The above noted problems, and others, are overcome by a splice and method of making the splice wherein two superconducting cables, each of which may be formed from a single superconductor or a plurality of strands, are arranged in close proximity or overlapping, with the cables extending in opposite directions from the splice. One or more strands of superconducting material, preferably the same material as in said cable, are brought into pressure contact with a cable end and can be wound in a helical manner along the two overlapping cables. Alternatively, the strands can be in the form of a hollow braid with the cable ends inserted into the braid and the braid pressed against the cable ends. In either case, after installation of the strands, sufficient molten solder is applied over the assembly to maintain the strands in place and add mechanical strength to the splice. Using the overwrapped superconducting strand effectively forms an equipotential surface around the cables to be spliced, thus increasing effective cable to cable contact area.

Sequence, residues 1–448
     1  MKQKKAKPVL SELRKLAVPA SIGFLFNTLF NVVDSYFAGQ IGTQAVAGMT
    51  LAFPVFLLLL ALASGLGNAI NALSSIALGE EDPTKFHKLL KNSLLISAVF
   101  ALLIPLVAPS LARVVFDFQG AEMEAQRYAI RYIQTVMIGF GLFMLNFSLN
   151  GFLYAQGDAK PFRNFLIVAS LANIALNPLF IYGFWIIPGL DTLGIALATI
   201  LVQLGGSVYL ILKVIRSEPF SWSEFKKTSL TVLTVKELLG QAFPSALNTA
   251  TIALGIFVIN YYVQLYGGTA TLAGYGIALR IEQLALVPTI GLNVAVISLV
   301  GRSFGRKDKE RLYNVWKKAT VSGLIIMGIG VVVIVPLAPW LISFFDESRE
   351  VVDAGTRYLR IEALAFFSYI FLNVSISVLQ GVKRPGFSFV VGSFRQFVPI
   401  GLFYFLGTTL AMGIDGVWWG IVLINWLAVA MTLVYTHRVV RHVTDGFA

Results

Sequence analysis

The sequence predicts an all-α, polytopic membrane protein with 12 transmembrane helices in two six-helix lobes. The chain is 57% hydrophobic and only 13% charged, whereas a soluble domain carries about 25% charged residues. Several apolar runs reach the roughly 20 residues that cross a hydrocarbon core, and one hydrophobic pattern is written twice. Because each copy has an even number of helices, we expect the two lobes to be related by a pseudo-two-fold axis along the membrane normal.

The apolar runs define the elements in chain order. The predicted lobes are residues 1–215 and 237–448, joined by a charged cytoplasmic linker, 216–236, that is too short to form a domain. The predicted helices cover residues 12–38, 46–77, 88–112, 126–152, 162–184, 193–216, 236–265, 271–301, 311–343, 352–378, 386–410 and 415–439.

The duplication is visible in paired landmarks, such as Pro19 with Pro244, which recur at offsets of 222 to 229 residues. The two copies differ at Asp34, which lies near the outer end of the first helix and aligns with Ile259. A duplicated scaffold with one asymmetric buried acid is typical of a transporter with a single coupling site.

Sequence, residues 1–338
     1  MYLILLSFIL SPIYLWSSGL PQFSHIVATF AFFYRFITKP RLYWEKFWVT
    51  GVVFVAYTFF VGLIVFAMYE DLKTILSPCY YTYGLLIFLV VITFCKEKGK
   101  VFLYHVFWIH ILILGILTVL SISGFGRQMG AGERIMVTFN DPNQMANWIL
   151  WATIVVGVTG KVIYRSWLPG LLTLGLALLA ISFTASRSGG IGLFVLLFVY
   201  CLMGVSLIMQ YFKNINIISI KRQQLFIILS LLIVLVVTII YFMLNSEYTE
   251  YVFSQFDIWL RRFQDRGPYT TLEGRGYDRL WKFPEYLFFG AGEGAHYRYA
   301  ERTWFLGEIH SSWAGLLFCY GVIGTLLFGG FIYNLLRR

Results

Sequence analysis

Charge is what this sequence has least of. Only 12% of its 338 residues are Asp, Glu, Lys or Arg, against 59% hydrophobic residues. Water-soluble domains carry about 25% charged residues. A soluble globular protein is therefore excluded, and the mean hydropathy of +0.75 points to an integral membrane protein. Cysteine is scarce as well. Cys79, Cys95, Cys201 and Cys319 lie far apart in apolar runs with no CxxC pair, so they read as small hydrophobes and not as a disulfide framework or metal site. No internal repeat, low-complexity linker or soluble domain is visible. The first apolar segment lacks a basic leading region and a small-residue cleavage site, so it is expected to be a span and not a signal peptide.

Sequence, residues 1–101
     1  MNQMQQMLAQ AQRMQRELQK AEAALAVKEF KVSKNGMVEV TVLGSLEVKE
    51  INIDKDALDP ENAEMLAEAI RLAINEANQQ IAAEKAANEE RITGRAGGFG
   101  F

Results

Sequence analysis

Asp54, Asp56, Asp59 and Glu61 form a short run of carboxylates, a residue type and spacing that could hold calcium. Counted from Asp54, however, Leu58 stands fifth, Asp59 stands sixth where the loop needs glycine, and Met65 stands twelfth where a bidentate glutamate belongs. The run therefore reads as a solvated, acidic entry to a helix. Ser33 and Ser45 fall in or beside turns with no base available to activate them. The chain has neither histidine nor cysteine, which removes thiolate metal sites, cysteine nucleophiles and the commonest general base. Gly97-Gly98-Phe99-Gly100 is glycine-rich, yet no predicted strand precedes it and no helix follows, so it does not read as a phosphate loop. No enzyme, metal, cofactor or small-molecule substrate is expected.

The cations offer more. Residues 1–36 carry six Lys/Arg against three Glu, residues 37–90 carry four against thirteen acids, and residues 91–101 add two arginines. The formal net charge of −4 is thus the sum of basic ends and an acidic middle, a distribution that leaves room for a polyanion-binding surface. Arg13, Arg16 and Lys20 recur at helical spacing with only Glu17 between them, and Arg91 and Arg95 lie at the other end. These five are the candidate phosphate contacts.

This splice can be easily made by factory personnel in a factory environment. The splice is relatively thin and conforms to the cable so that the cable can be wound into tightly packed coils or the like without significant interference from the splice.
Thus, it is an object of this invention to provide a low resistance superconducting cable splice. Another object is to provide an easily formed splice that does not require complex equipment or materials and can be accomplished in a factory environment. A further object is to provide a splice that does not significantly interfere with forming the cable into desired configurations, such as magnet coils.
Details of the invention, and of certain preferred embodiments thereof, will be further understood upon reference to the drawing, wherein:
FIG. 1 is a schematic perspective view of a superconductor splice according to the prior art;
FIG. 2 is a schematic perspective view of a splice using a helical superconductor strand wrap;
FIG. 3 is a schematic perspective view of an embodiment similar to that of FIG. 2 but using a braided strand wrap;
FIG. 4 is a schematic perspective view of an embodiment in which an overlapping spliced cable is pressed into a channel; and
FIG. 5 is a schematic perspective view of an embodiment as shown in FIG. 4 but with abutting cable ends.